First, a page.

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First Impressions of Pathfinder Second Edition

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The paladin Seelah ran up to face the newly arisen serpentfolk skeleton. It had already knocked out the rogue Merisiel, who was bleeding out on the ground in front of it. Navigating the narrow confines of the top of the step pyramid where the skeleton had been buried, Seelah stepped past the fighter Valeros and was met with a nasty surprise. The skeleton was also a trained fighter, capable of attacking Seelah when she moved within his reach.

“What’s your AC?” Paizo’s organized play lead developer John Compton asked me. “18,” I reported. “You don’t have your shield up?” I sighed. “No, I was hoping to attack and then heal Merisiel.” “Well that’s going to be a critical hit,” he said. When the dice were rolled, Seelah was in just as bad shape as Merisiel. Luckily it was about to be the cleric Kyra’s turn. Standing in place, she was able to devote all her focus to healing everyone in the fight and getting us back in the action while also dealing some holy damage to the monster.

The combat run at Origins Game Fair was my first look at the final rules set of Pathfinder Second Edition, which will be officially released on Aug. 1 at GenCon in Indianapolis. While I was dubious about Second Edition going into the demo, I found the new rules produced a highly dynamic and fast-moving battle even at level 1.

The session pit our six-person party, comprised of some of Pathfinder’s iconic characters, against a group of venomous snakes and the skeleton. Looking over our character sheets before we rolled initiative I found many familiar elements had been changed. For instance, the paladin healing ability Lay on Hands is now a spell that is cast by expending focus, which is recovered by taking 10 minutes to rest and recharge between fights. When another player asked what a focus power was, I explained to them it was like the encounter powers from 4th Edition Dungeons & Dragons, which can be used again after five minutes of rest. My friend nodded but Compton winced.

“I think one of the reasons you saw me wince was it can be both a complement but kind of a backhand,” he said in an interview following the demo. “They can say you’re just redesigning 4th Edition or you just remade 5th Edition. We learned a lot from what those games did, and you will see these connections, but there’s so much in there that is new as well. The combination is something completely different to be excited about.”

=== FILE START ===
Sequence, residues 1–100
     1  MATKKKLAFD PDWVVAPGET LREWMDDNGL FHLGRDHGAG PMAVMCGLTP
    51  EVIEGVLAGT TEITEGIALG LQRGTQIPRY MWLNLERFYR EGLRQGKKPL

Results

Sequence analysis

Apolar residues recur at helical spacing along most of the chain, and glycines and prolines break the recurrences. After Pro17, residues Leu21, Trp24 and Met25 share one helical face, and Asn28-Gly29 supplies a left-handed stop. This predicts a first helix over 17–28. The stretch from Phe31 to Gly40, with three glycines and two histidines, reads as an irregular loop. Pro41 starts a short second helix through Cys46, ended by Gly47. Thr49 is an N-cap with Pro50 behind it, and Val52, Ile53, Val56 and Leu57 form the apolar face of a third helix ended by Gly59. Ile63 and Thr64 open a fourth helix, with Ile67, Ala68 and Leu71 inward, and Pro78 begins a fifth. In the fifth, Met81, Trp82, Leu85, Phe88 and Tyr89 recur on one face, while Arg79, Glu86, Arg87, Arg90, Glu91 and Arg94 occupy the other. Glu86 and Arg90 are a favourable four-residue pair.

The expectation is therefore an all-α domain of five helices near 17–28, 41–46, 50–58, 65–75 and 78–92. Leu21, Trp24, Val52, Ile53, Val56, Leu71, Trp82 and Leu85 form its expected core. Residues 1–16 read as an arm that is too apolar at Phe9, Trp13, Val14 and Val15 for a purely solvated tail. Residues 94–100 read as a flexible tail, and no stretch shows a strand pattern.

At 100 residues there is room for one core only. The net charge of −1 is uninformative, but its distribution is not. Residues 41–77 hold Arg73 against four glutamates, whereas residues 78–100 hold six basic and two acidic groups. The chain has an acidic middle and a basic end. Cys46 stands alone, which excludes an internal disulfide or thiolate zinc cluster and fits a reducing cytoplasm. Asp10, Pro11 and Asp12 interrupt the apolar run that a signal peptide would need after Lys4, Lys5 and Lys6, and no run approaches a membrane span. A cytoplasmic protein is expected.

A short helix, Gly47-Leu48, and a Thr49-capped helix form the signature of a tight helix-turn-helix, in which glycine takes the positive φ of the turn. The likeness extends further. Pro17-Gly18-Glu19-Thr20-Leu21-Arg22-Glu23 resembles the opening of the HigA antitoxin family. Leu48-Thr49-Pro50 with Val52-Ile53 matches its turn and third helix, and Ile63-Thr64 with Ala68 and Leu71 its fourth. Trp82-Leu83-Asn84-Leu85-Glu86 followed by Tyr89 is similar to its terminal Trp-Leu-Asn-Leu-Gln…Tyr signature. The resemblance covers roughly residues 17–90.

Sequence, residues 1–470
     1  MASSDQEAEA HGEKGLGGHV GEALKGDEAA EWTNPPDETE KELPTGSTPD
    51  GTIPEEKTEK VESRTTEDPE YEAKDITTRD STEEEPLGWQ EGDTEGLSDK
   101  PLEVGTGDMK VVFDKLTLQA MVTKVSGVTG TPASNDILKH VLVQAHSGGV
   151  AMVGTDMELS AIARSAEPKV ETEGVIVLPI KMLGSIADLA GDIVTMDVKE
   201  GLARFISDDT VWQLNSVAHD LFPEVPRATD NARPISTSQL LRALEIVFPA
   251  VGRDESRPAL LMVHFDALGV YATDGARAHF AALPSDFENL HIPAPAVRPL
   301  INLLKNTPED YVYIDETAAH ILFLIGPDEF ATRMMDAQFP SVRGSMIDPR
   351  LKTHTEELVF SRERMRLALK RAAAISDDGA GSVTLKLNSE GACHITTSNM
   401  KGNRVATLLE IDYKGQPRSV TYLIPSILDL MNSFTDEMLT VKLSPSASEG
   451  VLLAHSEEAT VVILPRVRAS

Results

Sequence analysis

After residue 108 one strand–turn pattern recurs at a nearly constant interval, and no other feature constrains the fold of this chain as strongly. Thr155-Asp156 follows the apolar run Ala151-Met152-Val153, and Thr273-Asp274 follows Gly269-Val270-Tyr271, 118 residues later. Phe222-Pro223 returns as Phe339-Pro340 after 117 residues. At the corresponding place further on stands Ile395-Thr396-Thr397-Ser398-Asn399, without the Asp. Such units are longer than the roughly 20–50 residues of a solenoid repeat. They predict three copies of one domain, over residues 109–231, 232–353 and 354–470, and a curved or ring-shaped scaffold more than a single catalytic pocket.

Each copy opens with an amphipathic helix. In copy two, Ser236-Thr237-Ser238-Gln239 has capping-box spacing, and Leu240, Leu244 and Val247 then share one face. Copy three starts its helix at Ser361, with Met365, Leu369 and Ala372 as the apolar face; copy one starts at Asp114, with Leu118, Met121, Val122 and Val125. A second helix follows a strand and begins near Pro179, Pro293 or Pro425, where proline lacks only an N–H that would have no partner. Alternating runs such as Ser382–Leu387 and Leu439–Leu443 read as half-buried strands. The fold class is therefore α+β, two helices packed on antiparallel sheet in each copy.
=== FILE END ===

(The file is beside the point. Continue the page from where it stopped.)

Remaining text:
I didn’t mean it as an insult. As maligned as 4th Edition often is, I think it really succeeded at some things like encouraging adventurers to face multiple fights in a row and not requiring every party to have a healer whose whole job is to keep everyone from dying. Both of those problems have also been addressed in second edition.

“The healing has been rebalanced including between encounter healing,” Compton said. “You can spend 10 minutes and use the treat wounds action to recover hit points without casting spells. You can do this enough that you can get by without some sort of significant healing force.”

In combat, every player character and monster has three actions per turn, which can be used to move, attack, cast spells, or use skills. If you attack more than once, you’re hitting at a -5 and then -10 penalty. When I first read these rules in the Pathfinder Second Edition Playtest, a trial run of the new game released last year, I thought that it would just worse the game’s existing problem with fights taking too long and involving too much math. But at level 1, those penalties proved so bad that it was often better for players to find better ways to use their actions like getting into a flanking position to give an ally a bonus to hit. Compton said the system also reduces the spike in complexity that comes from higher level play.

“By and large you won’t be doing dramatically more attacks at a higher level,” he said. “That was one of the things about first edition. We’d go from ‘It’s my turn, I roll my d20, I miss I’m done’ to at level 20 ‘I’m going to roll dice for a day and I’m going to tell you at some point what I did.’”